Provides access to session-state values as well as session-level settings and lifetime management methods.
See Also: HttpSessionState Members
ASP.NET provides session-state management to enable you to store information associated with a unique browser session across multiple requests. You can store a collection of values referenced by a key name or by numerical index. Access to session values and functionality is available using the System.Web.SessionState.HttpSessionState class, which is accessible through the System.Web.HttpContext.Session property of the current System.Web.HttpContext, or the System.Web.UI.Page.Session property of the System.Web.UI.Page.
Session data is associated with a specific browser session using a unique identifier. By default, this identifier is stored in a non-expiring session cookie in the browser, but you can also configure your application to store the session identifier in the URL by setting the cookieless attribute to true or System.Web.HttpCookieMode.UseUri in the sessionState element of your application configuration. You can have ASP.NET determine whether cookies are supported by the browser by specifying a value of System.Web.HttpCookieMode.UseDeviceProfile for the cookieless attribute. You can also have ASP.NET determine whether cookies are enabled for the browser by specifying a value of System.Web.HttpCookieMode.AutoDetect for the cookieless attribute. If cookies are supported when System.Web.HttpCookieMode.UseDeviceProfile is specified, or enabled when System.Web.HttpCookieMode.AutoDetect is specified, then the session identifier will be stored in a cookie; otherwise the session identifier will be stored in the URL.
Sessions are started during the first request and session values will persist as long as a new request is made by the browser before the number of minutes specified in the HttpSessionState.Timeout property pass. When a new session begins, the session SessionStateModule.Start event is raised. You can use this event to perform any additional work at the start of a session, such as setting default session values. When a session times out, the HttpSessionState.Abandon method is called, or the ASP.NET application is shut down, the session SessionStateModule.End event is raised. You can use this event to perform any necessary cleanup. The SessionStateModule.End event is raised only when the session state mode is set to SessionStateMode.InProc.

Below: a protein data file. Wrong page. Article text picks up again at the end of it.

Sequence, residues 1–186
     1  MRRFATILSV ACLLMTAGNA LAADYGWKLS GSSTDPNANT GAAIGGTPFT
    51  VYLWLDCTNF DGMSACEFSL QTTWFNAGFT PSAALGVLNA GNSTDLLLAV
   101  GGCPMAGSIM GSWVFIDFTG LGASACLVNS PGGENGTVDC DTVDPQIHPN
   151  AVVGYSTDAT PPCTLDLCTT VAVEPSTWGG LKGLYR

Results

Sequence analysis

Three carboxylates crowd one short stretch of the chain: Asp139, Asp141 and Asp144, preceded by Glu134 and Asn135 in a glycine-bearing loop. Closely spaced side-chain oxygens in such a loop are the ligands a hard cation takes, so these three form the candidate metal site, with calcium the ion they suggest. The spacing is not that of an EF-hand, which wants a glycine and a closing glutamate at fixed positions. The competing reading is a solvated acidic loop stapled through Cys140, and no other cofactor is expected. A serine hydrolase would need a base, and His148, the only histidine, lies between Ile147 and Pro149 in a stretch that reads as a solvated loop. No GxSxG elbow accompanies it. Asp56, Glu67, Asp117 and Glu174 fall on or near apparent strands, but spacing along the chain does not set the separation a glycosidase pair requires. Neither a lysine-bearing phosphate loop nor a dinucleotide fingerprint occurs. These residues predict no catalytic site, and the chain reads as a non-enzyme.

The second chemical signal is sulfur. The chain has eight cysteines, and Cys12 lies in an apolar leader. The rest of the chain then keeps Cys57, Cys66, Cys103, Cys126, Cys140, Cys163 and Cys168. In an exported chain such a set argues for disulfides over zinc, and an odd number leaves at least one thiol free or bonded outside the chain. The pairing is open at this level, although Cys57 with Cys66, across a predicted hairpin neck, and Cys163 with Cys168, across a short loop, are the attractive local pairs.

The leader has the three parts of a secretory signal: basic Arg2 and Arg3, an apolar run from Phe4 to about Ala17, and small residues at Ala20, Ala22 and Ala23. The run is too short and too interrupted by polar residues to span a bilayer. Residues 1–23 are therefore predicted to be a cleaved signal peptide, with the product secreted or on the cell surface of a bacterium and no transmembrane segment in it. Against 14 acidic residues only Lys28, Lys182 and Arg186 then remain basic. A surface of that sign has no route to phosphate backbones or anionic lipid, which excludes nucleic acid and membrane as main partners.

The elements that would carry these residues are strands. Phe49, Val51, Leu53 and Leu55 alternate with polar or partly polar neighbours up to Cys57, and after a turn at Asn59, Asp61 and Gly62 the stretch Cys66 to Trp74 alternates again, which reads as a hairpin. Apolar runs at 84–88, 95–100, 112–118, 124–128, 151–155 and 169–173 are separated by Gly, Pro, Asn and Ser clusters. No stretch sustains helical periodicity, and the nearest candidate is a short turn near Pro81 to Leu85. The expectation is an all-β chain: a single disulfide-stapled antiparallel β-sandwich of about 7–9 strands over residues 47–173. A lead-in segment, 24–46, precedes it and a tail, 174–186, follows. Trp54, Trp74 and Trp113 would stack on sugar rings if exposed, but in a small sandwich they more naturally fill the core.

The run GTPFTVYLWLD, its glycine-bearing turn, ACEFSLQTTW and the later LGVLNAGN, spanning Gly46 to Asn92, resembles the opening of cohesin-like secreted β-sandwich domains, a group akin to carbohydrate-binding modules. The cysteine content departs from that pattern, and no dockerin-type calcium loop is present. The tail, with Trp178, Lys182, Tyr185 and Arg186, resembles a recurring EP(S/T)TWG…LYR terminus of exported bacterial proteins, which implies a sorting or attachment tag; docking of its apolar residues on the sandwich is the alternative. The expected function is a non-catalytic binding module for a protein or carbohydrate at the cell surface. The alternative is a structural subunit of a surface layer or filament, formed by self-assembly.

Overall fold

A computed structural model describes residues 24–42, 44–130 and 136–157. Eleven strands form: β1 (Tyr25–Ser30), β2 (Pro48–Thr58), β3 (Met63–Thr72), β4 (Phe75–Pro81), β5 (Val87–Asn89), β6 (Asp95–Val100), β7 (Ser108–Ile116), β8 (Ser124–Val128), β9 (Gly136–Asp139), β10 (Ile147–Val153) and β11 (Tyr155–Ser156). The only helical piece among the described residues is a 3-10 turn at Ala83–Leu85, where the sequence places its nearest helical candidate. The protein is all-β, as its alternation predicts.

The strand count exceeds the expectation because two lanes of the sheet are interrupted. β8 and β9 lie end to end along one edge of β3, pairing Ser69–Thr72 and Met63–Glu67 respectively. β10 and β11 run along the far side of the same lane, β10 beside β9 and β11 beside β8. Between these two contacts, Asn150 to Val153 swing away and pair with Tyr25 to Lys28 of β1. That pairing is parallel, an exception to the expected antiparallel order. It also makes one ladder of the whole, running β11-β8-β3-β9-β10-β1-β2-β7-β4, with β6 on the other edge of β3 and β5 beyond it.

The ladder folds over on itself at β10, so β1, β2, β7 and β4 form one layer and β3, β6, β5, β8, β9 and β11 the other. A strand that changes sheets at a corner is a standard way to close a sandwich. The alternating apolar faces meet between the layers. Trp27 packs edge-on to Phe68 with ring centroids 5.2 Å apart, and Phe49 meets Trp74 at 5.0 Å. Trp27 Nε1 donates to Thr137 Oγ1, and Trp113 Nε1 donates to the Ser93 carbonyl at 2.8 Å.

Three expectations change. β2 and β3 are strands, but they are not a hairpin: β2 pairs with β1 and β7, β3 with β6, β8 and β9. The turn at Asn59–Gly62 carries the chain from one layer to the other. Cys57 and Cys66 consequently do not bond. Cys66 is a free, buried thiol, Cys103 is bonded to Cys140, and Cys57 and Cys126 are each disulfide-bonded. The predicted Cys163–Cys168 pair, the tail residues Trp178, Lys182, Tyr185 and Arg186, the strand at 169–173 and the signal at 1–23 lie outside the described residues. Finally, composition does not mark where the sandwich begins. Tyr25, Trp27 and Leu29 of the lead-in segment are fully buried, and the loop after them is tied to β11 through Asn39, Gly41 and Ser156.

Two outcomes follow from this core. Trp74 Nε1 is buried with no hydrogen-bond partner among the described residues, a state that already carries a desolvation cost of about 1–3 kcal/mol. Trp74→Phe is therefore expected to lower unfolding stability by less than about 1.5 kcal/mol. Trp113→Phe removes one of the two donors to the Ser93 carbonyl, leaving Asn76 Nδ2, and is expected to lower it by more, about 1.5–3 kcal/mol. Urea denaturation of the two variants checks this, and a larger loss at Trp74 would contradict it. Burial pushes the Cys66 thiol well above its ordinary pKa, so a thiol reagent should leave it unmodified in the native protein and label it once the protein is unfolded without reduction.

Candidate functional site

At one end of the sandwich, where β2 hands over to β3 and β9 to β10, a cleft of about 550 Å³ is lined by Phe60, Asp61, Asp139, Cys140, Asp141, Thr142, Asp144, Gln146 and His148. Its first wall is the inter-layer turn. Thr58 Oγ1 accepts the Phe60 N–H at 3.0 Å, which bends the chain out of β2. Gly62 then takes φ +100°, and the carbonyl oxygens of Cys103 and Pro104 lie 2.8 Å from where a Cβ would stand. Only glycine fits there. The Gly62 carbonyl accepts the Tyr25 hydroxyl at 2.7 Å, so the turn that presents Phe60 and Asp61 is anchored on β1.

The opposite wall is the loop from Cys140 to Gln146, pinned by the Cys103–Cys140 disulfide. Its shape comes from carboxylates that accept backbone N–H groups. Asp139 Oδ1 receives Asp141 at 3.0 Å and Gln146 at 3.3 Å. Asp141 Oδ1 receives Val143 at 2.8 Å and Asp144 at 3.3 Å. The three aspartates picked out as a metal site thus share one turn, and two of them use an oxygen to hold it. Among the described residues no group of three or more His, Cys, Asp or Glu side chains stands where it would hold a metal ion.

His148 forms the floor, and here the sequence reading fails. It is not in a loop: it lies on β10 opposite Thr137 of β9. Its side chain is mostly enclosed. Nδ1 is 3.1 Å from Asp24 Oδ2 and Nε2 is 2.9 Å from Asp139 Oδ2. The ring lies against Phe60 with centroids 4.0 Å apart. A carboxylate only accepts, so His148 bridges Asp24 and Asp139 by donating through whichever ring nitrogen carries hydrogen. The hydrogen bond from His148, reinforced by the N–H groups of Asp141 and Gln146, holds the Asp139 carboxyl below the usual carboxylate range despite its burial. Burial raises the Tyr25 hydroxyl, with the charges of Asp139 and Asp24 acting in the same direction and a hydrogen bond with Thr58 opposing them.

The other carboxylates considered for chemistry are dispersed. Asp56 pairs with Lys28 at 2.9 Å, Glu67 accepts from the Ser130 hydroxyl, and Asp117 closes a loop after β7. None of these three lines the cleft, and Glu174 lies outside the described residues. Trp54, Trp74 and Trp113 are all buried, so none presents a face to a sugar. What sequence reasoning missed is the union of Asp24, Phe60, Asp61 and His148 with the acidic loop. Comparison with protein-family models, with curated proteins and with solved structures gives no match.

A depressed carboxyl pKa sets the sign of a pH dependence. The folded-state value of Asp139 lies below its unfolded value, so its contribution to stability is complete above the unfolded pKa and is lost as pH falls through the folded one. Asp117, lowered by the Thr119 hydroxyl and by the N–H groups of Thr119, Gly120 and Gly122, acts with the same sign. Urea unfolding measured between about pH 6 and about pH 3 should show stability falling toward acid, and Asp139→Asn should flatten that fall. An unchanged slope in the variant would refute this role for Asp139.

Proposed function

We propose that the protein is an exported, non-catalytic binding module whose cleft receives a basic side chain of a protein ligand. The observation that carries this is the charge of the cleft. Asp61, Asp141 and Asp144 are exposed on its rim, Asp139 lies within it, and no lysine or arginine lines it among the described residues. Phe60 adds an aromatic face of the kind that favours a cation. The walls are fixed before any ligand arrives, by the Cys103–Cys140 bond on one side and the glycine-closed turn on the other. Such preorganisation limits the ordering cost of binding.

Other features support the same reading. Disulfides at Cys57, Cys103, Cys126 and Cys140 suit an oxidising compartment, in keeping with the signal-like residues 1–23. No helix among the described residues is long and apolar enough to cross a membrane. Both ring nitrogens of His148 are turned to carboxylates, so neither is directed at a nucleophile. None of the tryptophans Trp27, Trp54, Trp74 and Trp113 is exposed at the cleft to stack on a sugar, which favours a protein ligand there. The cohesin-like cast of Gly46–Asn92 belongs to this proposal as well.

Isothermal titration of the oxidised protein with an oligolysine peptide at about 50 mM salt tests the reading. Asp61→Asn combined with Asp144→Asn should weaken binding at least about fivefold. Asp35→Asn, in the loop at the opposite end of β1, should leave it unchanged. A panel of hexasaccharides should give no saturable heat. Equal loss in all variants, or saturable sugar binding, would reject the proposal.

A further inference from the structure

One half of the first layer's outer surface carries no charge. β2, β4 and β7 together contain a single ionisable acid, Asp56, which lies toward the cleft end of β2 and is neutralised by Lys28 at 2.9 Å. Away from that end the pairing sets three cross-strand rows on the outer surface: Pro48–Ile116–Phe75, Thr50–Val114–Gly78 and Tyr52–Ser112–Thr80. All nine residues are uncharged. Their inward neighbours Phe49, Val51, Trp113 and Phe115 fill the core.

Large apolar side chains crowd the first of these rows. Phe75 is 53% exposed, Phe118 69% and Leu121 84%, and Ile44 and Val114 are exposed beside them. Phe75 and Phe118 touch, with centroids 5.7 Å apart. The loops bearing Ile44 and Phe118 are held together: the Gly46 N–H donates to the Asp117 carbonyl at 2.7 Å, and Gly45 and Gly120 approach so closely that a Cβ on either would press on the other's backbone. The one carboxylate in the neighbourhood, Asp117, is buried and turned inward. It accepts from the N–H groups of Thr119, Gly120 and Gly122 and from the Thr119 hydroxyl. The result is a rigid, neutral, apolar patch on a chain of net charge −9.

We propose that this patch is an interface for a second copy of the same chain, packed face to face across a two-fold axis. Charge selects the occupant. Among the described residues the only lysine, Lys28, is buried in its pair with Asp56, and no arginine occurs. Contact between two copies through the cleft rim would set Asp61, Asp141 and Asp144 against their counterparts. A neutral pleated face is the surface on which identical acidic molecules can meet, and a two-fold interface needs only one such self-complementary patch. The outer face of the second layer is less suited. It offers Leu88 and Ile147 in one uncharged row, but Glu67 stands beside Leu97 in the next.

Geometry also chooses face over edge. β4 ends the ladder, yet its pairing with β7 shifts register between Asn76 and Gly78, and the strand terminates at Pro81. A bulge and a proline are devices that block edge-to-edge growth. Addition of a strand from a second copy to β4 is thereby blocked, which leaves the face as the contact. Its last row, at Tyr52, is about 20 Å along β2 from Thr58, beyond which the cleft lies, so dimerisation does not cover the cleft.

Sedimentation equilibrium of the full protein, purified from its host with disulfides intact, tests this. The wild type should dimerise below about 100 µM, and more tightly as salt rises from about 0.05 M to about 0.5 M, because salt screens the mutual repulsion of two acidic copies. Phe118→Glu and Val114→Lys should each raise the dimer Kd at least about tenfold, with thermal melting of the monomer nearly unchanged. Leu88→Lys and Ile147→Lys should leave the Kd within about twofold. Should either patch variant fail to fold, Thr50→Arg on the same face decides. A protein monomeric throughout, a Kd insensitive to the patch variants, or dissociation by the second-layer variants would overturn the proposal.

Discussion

Session state does not persist across ASP.NET application boundaries. If a browser navigates to another application, the session information is not available to the new application.
Session values are stored in memory on the Web server, by default. You can also store session values in a SQL Server database, an ASP.NET state server, or a custom server. This enables you to preserve session values in cases where the ASP.NET or IIS process or the ASP.NET application restarts and to make session values available across all the servers in a Web farm. This behavior is configured by setting the mode attribute to a valid System.Web.SessionState.SessionStateMode value in the sessionState element of your application configuration. For more information, see Session State Modes.
Alternatives to session state include application state (see the System.Web.HttpApplication.Application property) and the ASP.NET cache (see the System.Web.Caching namespace), which store variables that can be accessed by all users of an ASP.NET application; the ASP.NET profile (see the System.Web.Profile namespace), which persists user values in a data store without expiring them using a time-out; ASP.NET System.Web.UI.WebControls, which persist control values in the System.Web.UI.Control.ViewState; System.Web.HttpResponse.Cookies; the System.Web.HttpRequest.QueryString property; and fields on an HTML form that are available from an HTTP POST using the System.Web.HttpRequest.Form collection. For more details on the differences between session state and other state-management alternatives, see ASP.NET State-Management Recommendations.